The self-belief and derring-do which Yemi has displayed in his short political life so far has attracted commendation from across the globe. To many Nigerians, it is another tale of a ‘home boy’ who has made good.

But does Nigeria ‘own’ Mayor Yemi Mobolade, or any of the other young people of Nigerian provenance, such as Kemi Badenoch, or any of the many highflyers in Medicine, Information Technology and Engineering who are making waves in faraway places? Does the country have a right to celebrate their achievements and claim them as its own?

Read also: German-Nigerian Fintech firm BFREE, others eye acquisition of Union Bank’s loans

The Nigerian political scene is what it is, with deeply embedded deficits in ideas, morality and credibility, and with manifestly faulty recruitment practices. A liberal-minded pastor and restaurateur would probably be laughed off the stage if he tried to contest to be Local Government Chairman in his original home-state. Kemi Badenoch, a Conservative whose deeply ingrained passion for stability and law and order resonate with many in the silent majority, would not get anywhere in her father’s homeland without a ‘godfather’. In those circumstances, it is difficult to see how Nigeria could possibly profit from the energies of similar homegrown change-makers, who undoubtedly abound, unless a deliberate, determined effort is made to create space for them.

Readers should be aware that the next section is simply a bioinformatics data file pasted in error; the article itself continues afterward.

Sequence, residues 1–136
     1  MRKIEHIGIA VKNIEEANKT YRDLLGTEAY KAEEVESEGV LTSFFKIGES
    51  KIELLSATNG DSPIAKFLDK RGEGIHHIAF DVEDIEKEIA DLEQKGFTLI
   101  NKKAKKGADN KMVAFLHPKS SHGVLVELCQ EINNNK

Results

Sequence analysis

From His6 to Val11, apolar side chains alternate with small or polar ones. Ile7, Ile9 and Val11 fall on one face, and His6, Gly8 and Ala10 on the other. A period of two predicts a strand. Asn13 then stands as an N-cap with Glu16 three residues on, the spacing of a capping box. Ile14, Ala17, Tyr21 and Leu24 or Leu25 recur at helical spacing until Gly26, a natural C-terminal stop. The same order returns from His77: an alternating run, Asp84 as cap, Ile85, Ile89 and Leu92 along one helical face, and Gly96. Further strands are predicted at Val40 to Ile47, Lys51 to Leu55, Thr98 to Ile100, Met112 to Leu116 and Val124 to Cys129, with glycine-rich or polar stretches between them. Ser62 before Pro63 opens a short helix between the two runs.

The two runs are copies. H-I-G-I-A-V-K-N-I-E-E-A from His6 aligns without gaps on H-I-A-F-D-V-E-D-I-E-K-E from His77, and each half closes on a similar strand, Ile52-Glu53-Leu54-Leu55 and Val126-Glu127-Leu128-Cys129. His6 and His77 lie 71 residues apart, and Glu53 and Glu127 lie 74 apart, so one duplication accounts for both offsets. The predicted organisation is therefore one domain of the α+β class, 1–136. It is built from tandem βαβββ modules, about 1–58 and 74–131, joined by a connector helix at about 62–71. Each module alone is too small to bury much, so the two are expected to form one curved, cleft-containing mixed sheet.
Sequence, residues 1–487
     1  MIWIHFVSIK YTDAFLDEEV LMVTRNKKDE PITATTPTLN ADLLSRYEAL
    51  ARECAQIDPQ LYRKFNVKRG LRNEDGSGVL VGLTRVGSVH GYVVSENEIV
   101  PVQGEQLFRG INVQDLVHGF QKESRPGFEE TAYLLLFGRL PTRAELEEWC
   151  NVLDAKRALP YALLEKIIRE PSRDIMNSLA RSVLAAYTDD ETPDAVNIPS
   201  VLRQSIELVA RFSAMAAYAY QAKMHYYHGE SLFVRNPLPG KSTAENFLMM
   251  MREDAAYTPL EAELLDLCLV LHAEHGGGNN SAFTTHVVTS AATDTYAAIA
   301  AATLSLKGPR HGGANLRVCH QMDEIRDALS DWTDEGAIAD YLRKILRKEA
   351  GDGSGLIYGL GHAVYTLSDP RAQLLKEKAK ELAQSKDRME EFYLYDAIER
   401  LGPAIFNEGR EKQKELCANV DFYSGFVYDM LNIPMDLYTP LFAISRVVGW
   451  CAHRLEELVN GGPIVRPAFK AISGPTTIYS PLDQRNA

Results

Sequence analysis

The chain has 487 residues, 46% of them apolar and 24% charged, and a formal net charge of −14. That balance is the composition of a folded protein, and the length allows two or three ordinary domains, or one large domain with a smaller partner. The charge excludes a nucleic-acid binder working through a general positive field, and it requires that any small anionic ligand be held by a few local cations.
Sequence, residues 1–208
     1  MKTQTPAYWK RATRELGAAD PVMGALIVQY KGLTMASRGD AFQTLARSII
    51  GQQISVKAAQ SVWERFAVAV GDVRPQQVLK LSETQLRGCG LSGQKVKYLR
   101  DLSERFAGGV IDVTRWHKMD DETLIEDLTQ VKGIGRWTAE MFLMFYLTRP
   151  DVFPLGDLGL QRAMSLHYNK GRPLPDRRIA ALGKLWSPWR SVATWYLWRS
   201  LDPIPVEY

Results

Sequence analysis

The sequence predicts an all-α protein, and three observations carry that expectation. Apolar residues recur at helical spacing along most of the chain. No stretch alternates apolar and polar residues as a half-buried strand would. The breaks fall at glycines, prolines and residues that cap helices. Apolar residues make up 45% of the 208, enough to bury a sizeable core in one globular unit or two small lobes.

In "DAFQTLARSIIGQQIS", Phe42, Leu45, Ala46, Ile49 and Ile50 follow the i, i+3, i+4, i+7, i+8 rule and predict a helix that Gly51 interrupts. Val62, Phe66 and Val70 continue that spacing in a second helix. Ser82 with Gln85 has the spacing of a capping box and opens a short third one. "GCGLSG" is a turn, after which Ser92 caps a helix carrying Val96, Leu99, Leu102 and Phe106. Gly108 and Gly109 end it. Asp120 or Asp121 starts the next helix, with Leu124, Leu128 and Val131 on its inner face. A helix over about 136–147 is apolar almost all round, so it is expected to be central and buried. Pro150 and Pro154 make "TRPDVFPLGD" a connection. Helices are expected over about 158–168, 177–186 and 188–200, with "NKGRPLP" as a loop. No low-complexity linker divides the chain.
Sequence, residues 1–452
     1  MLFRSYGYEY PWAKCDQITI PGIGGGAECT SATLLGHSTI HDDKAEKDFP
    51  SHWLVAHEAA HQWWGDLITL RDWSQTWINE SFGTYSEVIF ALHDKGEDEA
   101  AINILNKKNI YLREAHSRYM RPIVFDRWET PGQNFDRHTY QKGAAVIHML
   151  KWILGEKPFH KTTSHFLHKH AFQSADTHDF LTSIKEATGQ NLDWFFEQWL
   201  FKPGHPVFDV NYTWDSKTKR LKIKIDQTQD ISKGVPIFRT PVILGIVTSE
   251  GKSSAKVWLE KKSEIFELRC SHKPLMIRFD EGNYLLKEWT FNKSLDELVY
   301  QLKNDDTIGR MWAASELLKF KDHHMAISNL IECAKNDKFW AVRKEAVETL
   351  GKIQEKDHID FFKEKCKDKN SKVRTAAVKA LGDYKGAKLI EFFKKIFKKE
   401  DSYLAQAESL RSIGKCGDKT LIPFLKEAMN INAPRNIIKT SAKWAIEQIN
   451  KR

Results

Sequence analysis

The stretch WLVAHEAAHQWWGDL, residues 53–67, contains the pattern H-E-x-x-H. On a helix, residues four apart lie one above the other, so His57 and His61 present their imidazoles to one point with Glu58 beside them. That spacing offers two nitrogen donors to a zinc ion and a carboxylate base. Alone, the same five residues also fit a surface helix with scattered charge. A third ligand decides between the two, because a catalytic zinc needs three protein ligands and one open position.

That process of change does not have to result from a monomaniacal un-introspective ‘entitled’ handover-to-me-at-all-cost mentality deriving from a well-meant but badly managed EndSARS movement. Rather it could be a reflective drive to populate the political space at all levels with well-reasoned arguments driven by passionate young souls, devoid of hubris and invective.

If the world has learned nothing from recent history, it has learned that impactful ideas can come from left or right or middle, and rigid ideological labels are not the sine qua non they used to be.

Perhaps it is enough just to ‘keep it real’, and congratulate the new Mayor of Colorado Springs, wishing him well.